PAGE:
On yesterday’s daf, we read an extended series of teachings attributed to Ulla. The last addresses what kinds of property a creditor can collect from a debtor who can’t pay him back.
And Ulla says that Rabbi Elazar says: The halakhah is that one can collect from slaves.
In a world in which enslaved people are legally treated like property, they can be used to collect on a debt.
After Ulla shares this teaching, Rav Nahman pops up with a challenge. We’ve actually read another fraught interaction between these two rabbis on Berakhot 51. So we know that these are two men with an awkward and tense relationship.
Rav Nahman said to Ulla: Did Rabbi Elazar say this even from orphans?
Ulla responded: No, only from the debtor.
A person’s heirs are liable for their debts, but only through land, not other kinds of property. Ulla agrees that heirs who inherit enslaved people do not have to use these people to pay off their father’s debts.
But if so, then what innovation is Rabbi Elazar offering? After all, one who owes money is required to offer up all his property, animate and inanimate, human and otherwise, in order to pay off his debts. Ulla explains:
With what are we dealing here? When the debtor has set aside his slave as designated repayment, in accordance with Rava who says: One who set aside his slave as designated repayment and sold him, the creditor collects by taking the slave …
According to Ulla, the distinction Rav Elazar is making is concerning a case where the debtor is no longer the primary enslaver of the person he designated as repayment for his loan. In such a case, the creditor can still seize the enslaved person from his new owner as debt repayment. This is a challenging tradition, especially the matter-of-fact treatment of slavery and, to a lesser degree, the tense back and forth between two rabbis who do not always get along. But on today’s daf we learn that this is a challenging teaching for another reason: Ulla wasn’t telling the truth!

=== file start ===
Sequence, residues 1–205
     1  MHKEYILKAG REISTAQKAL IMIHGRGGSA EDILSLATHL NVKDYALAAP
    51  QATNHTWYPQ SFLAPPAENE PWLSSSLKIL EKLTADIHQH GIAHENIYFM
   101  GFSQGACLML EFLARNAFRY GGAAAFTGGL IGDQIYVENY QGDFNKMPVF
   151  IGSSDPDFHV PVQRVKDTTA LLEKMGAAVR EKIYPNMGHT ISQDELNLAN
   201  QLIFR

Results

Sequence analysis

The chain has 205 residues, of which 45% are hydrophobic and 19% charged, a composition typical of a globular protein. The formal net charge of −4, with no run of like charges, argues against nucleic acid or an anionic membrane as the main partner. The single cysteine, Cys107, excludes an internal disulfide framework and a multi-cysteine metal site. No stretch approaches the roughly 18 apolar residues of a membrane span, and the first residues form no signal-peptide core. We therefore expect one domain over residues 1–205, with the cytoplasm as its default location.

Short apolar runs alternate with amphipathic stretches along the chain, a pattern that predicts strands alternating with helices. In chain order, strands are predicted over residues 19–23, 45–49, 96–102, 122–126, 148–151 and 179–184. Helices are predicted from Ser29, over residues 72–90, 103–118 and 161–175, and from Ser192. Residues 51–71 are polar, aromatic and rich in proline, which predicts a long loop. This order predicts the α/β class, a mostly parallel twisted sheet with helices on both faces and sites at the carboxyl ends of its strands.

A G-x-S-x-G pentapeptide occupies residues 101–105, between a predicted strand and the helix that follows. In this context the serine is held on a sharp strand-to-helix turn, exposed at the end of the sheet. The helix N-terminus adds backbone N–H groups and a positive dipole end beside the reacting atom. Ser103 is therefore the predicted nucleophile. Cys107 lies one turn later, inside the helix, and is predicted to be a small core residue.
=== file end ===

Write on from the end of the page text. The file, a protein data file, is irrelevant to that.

After Rav Nahman exited, Ulla said to them: This is what Rabbi Elazar said: Even from orphans.
It turns out that Ulla knows that Rabbi Elazar actually did think that creditors can collect enslaved people from heirs who inherit a debt! Rather than fight with Rav Nahman about it, Ulla just taught him a false tradition that ended the conversation. And indeed, the story concludes,
Rav Nahman said: Ulla evaded me.
This tradition is wild. We’ve seen rabbis teach non-Jews traditions that do not represent the full complexity of Jewish tradition because they think it will insulate Jews from judgment. But here we see a rabbi teaching another rabbi a tradition that he knows is actually incorrect, to spare himself an unpleasant encounter. Rather than having the hard conversation, he says what he thinks Rav Nahman wants to hear. And in so doing, the opportunity to engage, interrogate and learn from each other is lost; the growth of the Torah is stymied.
Read all of Bava Kamma 12 on Sefaria.